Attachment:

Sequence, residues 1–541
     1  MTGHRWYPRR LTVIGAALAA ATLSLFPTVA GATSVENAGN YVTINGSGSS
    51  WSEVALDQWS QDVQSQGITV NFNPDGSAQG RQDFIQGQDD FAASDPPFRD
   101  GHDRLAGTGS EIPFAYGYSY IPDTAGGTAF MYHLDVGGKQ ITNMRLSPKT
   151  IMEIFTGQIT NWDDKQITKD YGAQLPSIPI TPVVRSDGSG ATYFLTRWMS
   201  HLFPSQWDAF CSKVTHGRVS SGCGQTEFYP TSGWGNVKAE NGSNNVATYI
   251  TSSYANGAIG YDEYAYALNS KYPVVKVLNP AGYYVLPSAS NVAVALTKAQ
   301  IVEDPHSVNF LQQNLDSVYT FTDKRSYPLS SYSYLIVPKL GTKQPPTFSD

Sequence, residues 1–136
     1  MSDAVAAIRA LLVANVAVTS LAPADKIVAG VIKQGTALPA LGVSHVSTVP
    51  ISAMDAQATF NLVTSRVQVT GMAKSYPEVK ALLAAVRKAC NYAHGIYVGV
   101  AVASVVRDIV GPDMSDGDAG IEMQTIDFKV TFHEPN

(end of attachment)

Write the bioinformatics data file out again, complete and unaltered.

Sequence, residues 1–541
     1  MTGHRWYPRR LTVIGAALAA ATLSLFPTVA GATSVENAGN YVTINGSGSS
    51  WSEVALDQWS QDVQSQGITV NFNPDGSAQG RQDFIQGQDD FAASDPPFRD
   101  GHDRLAGTGS EIPFAYGYSY IPDTAGGTAF MYHLDVGGKQ ITNMRLSPKT
   151  IMEIFTGQIT NWDDKQITKD YGAQLPSIPI TPVVRSDGSG ATYFLTRWMS
   201  HLFPSQWDAF CSKVTHGRVS SGCGQTEFYP TSGWGNVKAE NGSNNVATYI
   251  TSSYANGAIG YDEYAYALNS KYPVVKVLNP AGYYVLPSAS NVAVALTKAQ
   301  IVEDPHSVNF LQQNLDSVYT FTDKRSYPLS SYSYLIVPKL GTKQPPTFSD

Sequence, residues 1–136
     1  MSDAVAAIRA LLVANVAVTS LAPADKIVAG VIKQGTALPA LGVSHVSTVP
    51  ISAMDAQATF NLVTSRVQVT GMAKSYPEVK ALLAAVRKAC NYAHGIYVGV
   101  AVASVVRDIV GPDMSDGDAG IEMQTIDFKV TFHEPN